May 26, 2011: DEMOCRATS PRESS FOR COMMITTEE HEARING ON HYDRAULIC FRACTURING
WASHINGTON, DC — Today Reps. Henry A. Waxman, Edward J. Markey, and Diana DeGette sent a letter to Chairman Fred Upton and Subcommittee Chairman Cliff Stearns requesting a committee hearing on the use of hydraulic fracturing in natural gas production. In the letter, the committee democratic leaders note that “investigative reports we have released, peer-reviewed studies of shale gas production, news reports of spills and contamination, and regulatory action in three different agencies have raised numerous concerns about the practice of hydraulic fracturing,” and indicate that a hearing would give committee members a better understanding of the latest developments and information on the promise and potential threats to the environment and public health posed by this practice.
In April, Reps. Waxman, Markey, and DeGette released a report containing the first comprehensive national inventory of chemicals used by hydraulic fracturing companies during the drilling process. The report summarized the types, volumes, and chemical contents of the hydraulic fracturing products used by the 14 leading oil and gas service companies between 2005 and 2009.
The full text of the letter is below and also available online here . A copy of the report on hydraulic fracturing can be accessed here .
May 26, 2011
The Honorable Fred Upton
House Energy and Commerce Committee
2125 Rayburn House Office Building
Washington, DC 20515
The Honorable Cliff Stearns
Subcommittee on Oversight and Investigations
House Energy and Commerce Committee
2125 Rayburn House Office Building
Washington, DC 20515
Dear Chairman Upton and Chairman Stearns:
We are writing to request that the Energy and Commerce Committee hold hearings into the use of hydraulic fracturing in natural gas production. While hydraulic fracturing and the increased use of natural gas hold great promise, it is essential that the technique be adequately regulated to prevent risks to health and the environment. A Committee hearing would give members a better understanding of these issues and an opportunity to assess the need for appropriate legislation.
There are many recent developments involving hydraulic fracturing that the Committee should consider. This year alone, investigative reports we have released, peer-reviewed studies of shale gas production, news reports of spills and contamination, and regulatory action in three different agencies have raised numerous concerns about the practice of hydraulic fracturing,
In January, as Ranking Members of the Energy and Commerce Committee, the Natural Resources Committee, and the Energy and Commerce Committee Subcommittee on Oversight and Investigations, respectively, we sent a letter to EPA Administrator Lisa Jackson raising concerns about the contents of fluids used in hydraulic fracturing. We informed the Administrator that our investigation uncovered documents showing that contrary to federal law, oil and gas service companies had injected more than 30 million gallons of diesel fuel or fluids containing diesel fuel during hydraulic fracturing of natural gas wells from 2005 to 2009. In April, we released a second analysis showing that these companies used millions of gallons of hydraulic fracturing products containing 29 chemicals that are known or possible human carcinogens, regulated under the Safe Drinking Water Act for their risks to human health, or listed as hazardous air pollutants under the Clean Air Act. The same analysis found that the companies used 94 million gallons of hydraulic fracturing fluids containing “proprietary” or “trade secret” compounds, often without full knowledge of their risks or hazard profiles. 
In recent months two peer-reviewed scientific studies have raised serious questions about the environmental and human health impacts of shale gas production. In March, researchers from Cornell University published a study in the scientific journal Climatic Change concluding that methane emissions over the lifecycle of shale gas production are higher than previously estimated. According to these researchers, a more accurate accounting would show that the greenhouse gas footprint of shale gas is greater than the greenhouse gas footprint of coal. Researchers from Duke University added to the debate, publishing a paper in the Proceedings of the National Academy of Sciences that found a correlation between shale drilling activity and the seepage of contaminants, particularly methane, into drinking water wells. The natural gas industry has been sharply critical of both studies, but has to date provided little substantive information to rebut the scientific claims.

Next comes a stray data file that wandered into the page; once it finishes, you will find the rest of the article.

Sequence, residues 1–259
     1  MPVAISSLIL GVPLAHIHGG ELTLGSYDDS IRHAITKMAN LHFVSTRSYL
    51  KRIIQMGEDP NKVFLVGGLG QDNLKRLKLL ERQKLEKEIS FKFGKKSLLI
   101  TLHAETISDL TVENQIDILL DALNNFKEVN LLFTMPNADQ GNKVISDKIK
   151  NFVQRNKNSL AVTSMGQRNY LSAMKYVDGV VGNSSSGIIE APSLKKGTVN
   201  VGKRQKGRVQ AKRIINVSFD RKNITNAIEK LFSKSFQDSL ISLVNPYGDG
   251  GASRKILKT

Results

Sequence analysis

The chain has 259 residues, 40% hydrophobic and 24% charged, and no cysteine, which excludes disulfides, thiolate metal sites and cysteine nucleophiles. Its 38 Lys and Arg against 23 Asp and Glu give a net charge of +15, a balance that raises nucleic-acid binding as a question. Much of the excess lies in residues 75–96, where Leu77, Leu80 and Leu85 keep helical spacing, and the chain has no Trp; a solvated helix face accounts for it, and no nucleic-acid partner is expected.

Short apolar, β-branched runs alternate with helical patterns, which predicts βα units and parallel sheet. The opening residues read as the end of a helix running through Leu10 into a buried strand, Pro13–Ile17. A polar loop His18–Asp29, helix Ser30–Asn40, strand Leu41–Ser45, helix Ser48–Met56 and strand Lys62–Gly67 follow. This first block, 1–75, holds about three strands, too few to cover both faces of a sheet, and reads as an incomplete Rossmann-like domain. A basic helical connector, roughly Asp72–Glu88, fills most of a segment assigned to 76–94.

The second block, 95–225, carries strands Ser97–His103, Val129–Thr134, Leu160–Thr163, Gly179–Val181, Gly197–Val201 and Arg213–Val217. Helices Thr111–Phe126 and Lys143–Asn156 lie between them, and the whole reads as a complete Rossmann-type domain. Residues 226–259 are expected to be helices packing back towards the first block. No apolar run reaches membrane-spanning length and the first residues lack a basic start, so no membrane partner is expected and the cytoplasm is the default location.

Recent reports of spills and insufficient disposal of hydraulic fracturing wastewater have also increased public attention to issues surrounding shale gas production. On April 19, an accident during hydraulic fracturing of a Pennsylvania shale gas well operated by Chesapeake Energy resulted in a spill of thousands of gallons of fracturing fluids and evacuation of at least 100 nearby residents. An investigative report in the New York Times also cast doubt on the safety of wastewater disposal practices of oil and gas producers. According to that report, much of the wastewater generated by hydraulic fracturing in Pennsylvania ended up at water treatment plants that were “not equipped to remove many of the toxic materials in drilling waste.”
At the federal level, the Obama Administration is taking several steps to address concerns about shale gas production that the Committee should examine. In 2010, Congress directed EPA to undertake a study of the practice of hydraulic fracturing and its impact on drinking water and groundwater. That study is underway, and the agency expects to release initial findings next year and to issue a complete report in 2014. In addition, in response to the results of our investigation, EPA is developing guidance for the use of products containing diesel fuel during hydraulic fracturing. As part of his national energy strategy, President Obama directed Energy Secretary Steven Chu to convene a panel of experts to provide recommendations to improve the safety of hydraulic fracturing and to provide consensus advice to state and federal regulatory agencies to ensure protection of public health and the environment. Separately, the Interior Department is considering whether to issue regulations concerning hydraulic fracturing on public lands. You have criticized the Administration’s efforts to address hydraulic fracturing, calling the Energy Department’s efforts a “waste [of] government resources” and asserting that “there are too many cooks in the kitchen,” but you have not provided the Administration an opportunity to respond to these concerns.